The final plans for the South Main Street project have divided the project into two sections providing better access to both sections during the entire construction period.


The final plans for the South Main Street project have divided the project into two sections providing better access to both sections during the entire construction period.

Barricades are scheduled to go up Wednesday, June 1 and brick removal is scheduled to start Thursday, June 2, said Garrett Cloyd, Smoky Hill project superintendent.

Although the project is now split into a north and south section, the overall construction time will be the same with about two months scheduled for the first portion and two months for the second portion, Cloyd said.  

Originally the plan called for the entire five blocks to be shut down with temporary crosswalks in the middle of each block. But the time necessary to put down those cross walks at the end of each work day would take up a lot of construction time and it was a safety factor. This method keeps the construction area well defined and makes it safer for pedestrian traffic.

“We think this is probably best for everyone,” Cloyd said. “We know it’s an inconvenience and it’s going to affect everyone. We will try to minimize that.”

That consideration plus the desire of downtown merchants to have as much access to their businesses as possible and the same construction time made it possible to split the project into two sections.

“They can to it just as fast for the same dollars, said Pratt City Manager Dave Howard.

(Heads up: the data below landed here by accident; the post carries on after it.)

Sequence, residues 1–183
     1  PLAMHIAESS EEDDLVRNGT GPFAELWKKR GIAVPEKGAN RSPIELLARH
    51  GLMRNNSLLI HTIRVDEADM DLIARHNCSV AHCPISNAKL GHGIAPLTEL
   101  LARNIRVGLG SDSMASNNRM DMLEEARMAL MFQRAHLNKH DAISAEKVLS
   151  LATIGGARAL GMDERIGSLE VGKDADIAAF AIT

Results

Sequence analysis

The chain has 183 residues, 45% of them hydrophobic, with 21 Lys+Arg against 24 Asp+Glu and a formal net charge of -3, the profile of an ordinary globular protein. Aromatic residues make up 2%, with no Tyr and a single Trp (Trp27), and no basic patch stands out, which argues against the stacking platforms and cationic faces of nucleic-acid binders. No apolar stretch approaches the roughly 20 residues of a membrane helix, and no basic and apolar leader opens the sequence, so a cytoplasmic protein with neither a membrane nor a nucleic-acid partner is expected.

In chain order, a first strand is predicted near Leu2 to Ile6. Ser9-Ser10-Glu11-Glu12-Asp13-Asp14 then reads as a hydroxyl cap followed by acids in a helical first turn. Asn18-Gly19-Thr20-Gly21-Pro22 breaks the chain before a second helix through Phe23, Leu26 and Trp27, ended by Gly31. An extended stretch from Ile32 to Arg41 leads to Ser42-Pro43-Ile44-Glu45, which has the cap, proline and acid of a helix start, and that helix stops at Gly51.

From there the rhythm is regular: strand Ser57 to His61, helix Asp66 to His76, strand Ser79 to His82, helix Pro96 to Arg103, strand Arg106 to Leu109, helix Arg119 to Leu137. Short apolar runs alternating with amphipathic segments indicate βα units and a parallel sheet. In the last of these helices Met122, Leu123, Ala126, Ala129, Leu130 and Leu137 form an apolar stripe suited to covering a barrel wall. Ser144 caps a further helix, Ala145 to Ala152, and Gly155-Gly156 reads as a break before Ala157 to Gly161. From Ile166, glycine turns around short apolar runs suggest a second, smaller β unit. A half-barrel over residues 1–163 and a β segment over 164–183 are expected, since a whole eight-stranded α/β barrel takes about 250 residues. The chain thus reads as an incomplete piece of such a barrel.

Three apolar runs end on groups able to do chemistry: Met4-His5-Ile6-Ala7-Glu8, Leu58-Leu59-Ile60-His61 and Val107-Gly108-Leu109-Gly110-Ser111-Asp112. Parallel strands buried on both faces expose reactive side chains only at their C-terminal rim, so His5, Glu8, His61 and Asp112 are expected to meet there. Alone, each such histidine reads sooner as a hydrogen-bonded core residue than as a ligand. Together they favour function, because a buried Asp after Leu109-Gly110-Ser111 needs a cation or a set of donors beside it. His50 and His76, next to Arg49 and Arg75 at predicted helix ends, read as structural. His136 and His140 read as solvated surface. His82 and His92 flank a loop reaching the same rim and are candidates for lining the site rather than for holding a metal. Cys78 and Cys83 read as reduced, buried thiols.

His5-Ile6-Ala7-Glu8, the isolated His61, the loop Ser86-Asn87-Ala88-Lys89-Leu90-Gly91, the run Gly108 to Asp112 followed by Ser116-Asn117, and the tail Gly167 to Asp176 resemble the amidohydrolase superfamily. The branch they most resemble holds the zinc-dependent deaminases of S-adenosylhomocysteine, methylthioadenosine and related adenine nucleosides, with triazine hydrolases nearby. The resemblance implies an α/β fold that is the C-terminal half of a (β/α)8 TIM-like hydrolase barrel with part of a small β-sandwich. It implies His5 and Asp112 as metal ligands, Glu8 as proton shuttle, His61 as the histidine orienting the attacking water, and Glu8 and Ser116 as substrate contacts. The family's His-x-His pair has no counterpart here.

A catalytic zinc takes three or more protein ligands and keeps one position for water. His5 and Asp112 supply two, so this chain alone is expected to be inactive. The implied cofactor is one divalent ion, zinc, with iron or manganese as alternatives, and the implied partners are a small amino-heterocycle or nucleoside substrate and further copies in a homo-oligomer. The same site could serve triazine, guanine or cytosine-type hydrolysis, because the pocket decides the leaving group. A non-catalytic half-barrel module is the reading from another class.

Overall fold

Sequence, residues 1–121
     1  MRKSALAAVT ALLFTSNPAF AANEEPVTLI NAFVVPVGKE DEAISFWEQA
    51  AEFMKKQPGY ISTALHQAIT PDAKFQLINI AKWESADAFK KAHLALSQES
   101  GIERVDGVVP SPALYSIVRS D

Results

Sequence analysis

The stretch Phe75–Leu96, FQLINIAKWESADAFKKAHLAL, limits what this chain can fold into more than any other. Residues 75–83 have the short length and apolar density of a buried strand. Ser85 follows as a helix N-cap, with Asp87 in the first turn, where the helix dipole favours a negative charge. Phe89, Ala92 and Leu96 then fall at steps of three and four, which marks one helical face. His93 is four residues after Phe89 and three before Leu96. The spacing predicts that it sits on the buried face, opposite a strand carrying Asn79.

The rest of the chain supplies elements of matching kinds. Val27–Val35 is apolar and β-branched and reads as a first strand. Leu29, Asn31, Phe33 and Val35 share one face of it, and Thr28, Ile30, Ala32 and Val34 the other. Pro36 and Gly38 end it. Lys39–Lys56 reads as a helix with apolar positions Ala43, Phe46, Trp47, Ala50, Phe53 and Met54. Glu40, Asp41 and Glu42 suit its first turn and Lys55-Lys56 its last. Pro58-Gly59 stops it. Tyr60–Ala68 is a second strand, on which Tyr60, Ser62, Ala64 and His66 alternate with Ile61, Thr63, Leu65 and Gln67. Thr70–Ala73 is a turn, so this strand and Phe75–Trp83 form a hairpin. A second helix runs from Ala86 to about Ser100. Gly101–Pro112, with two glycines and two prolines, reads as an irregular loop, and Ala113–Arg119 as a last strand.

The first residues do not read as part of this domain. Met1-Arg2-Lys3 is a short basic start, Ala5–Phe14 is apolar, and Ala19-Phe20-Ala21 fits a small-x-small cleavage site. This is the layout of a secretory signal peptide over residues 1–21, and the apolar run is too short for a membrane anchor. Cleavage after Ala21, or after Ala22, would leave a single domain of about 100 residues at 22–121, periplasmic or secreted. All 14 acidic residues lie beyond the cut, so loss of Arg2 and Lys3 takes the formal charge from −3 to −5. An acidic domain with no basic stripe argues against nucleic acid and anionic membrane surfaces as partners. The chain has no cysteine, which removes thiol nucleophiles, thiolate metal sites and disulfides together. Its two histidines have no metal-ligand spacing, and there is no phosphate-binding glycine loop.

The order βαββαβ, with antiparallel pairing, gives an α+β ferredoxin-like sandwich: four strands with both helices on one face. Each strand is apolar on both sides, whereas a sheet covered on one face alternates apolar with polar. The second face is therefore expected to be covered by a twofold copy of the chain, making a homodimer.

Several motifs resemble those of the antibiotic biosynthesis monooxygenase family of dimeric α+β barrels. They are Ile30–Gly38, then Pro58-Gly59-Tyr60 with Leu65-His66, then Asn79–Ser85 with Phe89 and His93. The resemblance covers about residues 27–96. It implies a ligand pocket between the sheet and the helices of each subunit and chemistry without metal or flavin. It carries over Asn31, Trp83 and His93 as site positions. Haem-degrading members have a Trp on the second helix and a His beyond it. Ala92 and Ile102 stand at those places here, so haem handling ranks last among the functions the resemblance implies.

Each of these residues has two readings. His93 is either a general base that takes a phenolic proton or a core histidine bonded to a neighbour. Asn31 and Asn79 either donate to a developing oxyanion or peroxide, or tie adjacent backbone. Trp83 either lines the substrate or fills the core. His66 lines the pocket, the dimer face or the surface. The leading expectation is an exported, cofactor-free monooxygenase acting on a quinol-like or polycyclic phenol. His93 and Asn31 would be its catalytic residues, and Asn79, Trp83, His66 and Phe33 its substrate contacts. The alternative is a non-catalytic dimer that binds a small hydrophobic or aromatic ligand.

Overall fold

This will allow cars to park on at least part of South Main during construction. Once the construction portion is done the parking areas will be blocked off for a couple of days while the parking stripes are painted.

Phase one of the project will run from Sixth Street north to the middle of the 300 block. During that time all side street access to South Main on Third, Fourth and Fifth Streets will be blocked. Customers will only have to walk a block and a half at the furthest point to reach any business in the construction area, Howard said.

Once the first half is done it will be open to traffic and the north half will be closed from First Street to the middle of the 300 block.

No temporary sidewalk across the middle of the street will be used during construction.

Smoky Hill will park on areas within the construction site and at a staging area so their vehicles will not take up customer parking spaces.

Vehicles on U.S. 54 will not have access to the construction area on South Main.

The city has brainstormed to figure out all the issues but with a construction project like this there are bound to be some unexpected issues. Any merchant with a problem is encouraged to contact the city and they will work hard to get a solution, Howard said.

Some business parking lots will still be designated as public parking lots as well, said Project Spokesman Bruce Pinkall.

Signage will be used throughout the area to show parking areas. Businesses are encouraged to put their name and address on their alley doors as a safety factor and a convenience for customers, said Pratt Fire Chief David Kramer. 

Firefighters have practiced for a limited access to downtown in case of a fire. The names and addresses on the back door will help the firefighters in the event of a fire.

Weekly construction meetings will be held to keep the city and merchants updated on the progress of the project, Howard said.